It’s not hard to make your own hydroponics tank, and it doesn’t cost much either. It’s fairly common to see hydroponic gardeners using DIY hydroponics tanks. You can use a variety of materials, and they’re often found around the house, or at very low cost.
What can you use? Here are some ideas for tank materials to get you started:
- Rubber or plastic storage bins
- Clean (ideally new) plastic trash cans
- Aquariums, fish tanks, terrariums (watertight)
- Commercial display boxes
Before you begin:
Volume aside, the most important aspect of a hydroponic tank is that it doesn’t leak. Seriously, understand that a leaking hydroponic tank can ultimately wreak havoc. Always test your tank for leaks before using it. Fill up the tank all the way and give it time to sit. Ideally, it should sit completely full for 24 hours minimum. That way, you’ll find any leaks, even if they are tiny, and slow flowing.
Put it over a tray or mat, and then fill it up. Keep an eye on it and look at every side of it to make sure you notice any leaks.
No leaks or weak spots? Then you can get it ready to use for your hydroponic system. Don’t just put it in place and begin, though. You need to clean it out first. Pathogens, pests, and bacteria can hang on for a long time. Don’t risk a crop by ‘saving time’ and using a dirty reservoir. Yes, if you purchased a new container it won’t need as much care, but it still has to go through a wash.
It’s best to avoid using chemical disinfectants. However, if you feel you must, make sure you’re not leaving any residue behind.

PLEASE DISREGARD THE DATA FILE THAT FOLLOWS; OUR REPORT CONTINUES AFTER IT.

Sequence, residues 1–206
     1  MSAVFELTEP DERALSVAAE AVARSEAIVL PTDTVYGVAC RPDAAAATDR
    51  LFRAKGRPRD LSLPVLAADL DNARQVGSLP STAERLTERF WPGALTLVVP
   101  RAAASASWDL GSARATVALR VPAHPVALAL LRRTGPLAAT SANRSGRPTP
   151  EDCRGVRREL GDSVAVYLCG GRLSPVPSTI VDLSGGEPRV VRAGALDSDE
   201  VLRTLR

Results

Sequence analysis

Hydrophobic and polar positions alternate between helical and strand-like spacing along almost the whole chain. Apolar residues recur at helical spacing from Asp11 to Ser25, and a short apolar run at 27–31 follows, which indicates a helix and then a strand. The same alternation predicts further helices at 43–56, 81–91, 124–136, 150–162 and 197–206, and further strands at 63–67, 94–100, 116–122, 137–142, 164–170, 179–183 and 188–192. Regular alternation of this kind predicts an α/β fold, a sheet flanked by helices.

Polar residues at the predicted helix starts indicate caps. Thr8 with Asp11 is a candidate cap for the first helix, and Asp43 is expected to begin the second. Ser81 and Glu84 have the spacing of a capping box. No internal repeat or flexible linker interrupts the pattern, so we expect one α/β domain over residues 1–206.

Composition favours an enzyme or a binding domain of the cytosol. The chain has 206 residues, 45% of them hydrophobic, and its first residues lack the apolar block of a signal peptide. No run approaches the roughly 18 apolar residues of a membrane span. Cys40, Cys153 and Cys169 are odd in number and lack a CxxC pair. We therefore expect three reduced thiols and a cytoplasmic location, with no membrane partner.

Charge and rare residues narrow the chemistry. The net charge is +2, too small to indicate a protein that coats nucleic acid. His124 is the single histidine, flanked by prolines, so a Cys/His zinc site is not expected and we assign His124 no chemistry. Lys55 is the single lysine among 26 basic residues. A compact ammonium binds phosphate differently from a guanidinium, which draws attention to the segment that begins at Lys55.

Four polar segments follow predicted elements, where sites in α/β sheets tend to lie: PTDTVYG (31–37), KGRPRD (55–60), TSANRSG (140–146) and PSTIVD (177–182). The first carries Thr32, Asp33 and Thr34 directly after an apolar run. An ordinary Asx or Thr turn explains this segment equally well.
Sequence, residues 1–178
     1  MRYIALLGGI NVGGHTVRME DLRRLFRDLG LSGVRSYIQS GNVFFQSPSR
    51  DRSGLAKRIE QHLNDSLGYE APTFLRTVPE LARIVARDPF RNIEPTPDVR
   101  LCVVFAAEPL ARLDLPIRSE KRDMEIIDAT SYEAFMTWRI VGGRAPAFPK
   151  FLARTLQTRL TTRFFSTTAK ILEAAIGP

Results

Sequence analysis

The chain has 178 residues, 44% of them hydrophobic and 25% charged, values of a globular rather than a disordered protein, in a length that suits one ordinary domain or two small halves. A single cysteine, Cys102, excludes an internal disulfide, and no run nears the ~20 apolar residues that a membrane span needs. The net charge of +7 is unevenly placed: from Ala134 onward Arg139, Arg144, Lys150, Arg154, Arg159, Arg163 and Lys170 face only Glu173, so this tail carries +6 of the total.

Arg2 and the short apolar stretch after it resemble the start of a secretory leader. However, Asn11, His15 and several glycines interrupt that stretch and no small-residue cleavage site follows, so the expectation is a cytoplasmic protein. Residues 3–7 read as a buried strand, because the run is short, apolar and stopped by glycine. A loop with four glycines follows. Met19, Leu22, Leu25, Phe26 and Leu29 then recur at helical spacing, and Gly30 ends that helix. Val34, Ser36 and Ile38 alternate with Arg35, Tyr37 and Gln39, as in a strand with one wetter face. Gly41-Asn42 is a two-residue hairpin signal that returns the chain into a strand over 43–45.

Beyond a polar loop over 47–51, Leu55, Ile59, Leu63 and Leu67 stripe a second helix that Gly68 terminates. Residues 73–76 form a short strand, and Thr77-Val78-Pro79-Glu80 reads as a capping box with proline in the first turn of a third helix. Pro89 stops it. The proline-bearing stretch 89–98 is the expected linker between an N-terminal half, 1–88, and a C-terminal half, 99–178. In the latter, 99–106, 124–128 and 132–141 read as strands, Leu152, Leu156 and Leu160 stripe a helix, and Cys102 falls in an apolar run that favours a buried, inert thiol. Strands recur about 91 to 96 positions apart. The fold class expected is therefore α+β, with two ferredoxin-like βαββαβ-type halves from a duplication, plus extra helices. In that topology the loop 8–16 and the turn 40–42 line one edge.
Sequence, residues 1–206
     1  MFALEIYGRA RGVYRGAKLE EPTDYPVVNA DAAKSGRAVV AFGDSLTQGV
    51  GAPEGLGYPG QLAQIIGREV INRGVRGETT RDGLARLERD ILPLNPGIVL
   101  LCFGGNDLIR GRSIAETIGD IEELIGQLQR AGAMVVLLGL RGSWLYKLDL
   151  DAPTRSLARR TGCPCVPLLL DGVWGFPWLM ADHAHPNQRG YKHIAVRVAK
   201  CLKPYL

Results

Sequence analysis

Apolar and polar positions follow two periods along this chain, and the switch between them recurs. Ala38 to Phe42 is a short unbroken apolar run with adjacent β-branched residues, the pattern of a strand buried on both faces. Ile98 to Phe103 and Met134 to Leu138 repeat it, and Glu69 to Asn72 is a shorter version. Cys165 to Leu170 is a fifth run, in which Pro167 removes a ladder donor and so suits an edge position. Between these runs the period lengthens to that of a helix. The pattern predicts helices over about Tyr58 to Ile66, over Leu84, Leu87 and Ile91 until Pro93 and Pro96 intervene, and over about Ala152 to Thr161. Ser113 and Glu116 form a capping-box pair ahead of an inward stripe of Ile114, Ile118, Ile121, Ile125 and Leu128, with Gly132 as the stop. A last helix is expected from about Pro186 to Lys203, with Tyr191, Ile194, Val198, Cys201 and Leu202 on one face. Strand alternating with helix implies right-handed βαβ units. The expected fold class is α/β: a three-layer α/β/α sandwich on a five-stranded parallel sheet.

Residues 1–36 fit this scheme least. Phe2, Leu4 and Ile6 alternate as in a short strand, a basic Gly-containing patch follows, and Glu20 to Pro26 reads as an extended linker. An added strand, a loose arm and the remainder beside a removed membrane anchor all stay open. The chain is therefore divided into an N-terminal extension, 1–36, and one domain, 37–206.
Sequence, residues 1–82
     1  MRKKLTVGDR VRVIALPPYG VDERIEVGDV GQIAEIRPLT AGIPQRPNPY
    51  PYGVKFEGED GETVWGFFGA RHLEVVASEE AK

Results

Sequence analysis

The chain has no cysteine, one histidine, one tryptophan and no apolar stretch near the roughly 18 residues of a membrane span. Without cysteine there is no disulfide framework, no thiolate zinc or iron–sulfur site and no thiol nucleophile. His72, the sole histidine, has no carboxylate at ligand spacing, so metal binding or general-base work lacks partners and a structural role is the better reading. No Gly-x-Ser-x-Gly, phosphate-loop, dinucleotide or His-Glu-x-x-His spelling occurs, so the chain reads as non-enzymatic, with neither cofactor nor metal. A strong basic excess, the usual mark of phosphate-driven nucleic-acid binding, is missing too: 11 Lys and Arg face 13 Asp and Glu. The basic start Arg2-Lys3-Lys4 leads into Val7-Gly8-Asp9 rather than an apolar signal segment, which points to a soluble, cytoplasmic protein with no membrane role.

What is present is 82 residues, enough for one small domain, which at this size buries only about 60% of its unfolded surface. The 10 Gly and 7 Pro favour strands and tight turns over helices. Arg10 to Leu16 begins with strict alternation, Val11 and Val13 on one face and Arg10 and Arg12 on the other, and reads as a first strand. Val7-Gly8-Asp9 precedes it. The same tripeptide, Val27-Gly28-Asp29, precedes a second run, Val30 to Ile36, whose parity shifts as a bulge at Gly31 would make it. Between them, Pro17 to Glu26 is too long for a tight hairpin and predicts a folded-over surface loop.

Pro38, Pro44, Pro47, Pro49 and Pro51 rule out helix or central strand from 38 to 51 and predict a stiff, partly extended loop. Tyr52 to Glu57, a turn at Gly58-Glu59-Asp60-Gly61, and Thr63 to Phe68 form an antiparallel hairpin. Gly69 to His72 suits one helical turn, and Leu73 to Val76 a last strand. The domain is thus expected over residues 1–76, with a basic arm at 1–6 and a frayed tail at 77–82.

Safe, natural disinfectants are ideal. Vinegar and hydrogen peroxide are great choices (but not together). Whether you choose vinegar or hydrogen peroxide, mix it with at least 50% water. Use a clean sponge to scrub the solution in your tank. Start at one end and work your way around, just don’t forget the base.
After it’s clean, rinse it out, and make sure nothing gets left behind. You can dry your tank with a soft cloth or allow it to air dry.
What else does a hydroponic tank need?
You have the tank ready to go, but what else goes with it? While your hydroponic tank is more or less the food center of your hydroponic system, it needs some help. Just like one part of your body needs other organs to function, so does your hydroponic tank. Depending on the type of hydroponic system you use, you’ll need certain equipment. Of course, some items are a must-have, no matter the type of system.
Let’s look at some of the things you need:
Not every system requires tubing, but most do. The tubes help everything connect. They help water move from the tank to your system from the pump and drain out excess. They also connect air pumps to airstones and move water through plants in a drip system. Get appropriate tubing, designed for gardening or aquariums, and always check for leaks.
Wick systems don’t need any type of pump, but most other systems do. The pump basically provides power to move nutrient solution to plants. If you have an air pump, it helps pump oxygen to your reservoir through an airline. When your pump is placed in the water, it’s a submersible pump. If it’s placed outside of the tank, it’s an inline pump.
Airstones are necessary in DWC systems. Otherwise, plants will ‘drown’ without enough oxygen. Airstones are often called ‘aquarium bubblers’ and they’re a common fixture in aquariums. These are typically porous stone or limewood, and they provide aeration by diffusing bubbles into the tank. They’re used in aquariums to enhance the health of fish, without significant noise and large bubbles.
An airstone connects to the air pump by way of tubing. The pump makes air flow through the air tube, and to the airstone. Then, little bubbles emerge from the airstone, providing oxygen to plant roots.
Nutrient solution is how you feed your plants. You use a special hydroponic fertilizer and mix it with water so plants can take in nutrients. You need to test the EC (or Electrical Conductivity) of your nutrient solution frequently and stay within your target levels. EC essentially shows you the concentration of nutrients in your reservoir.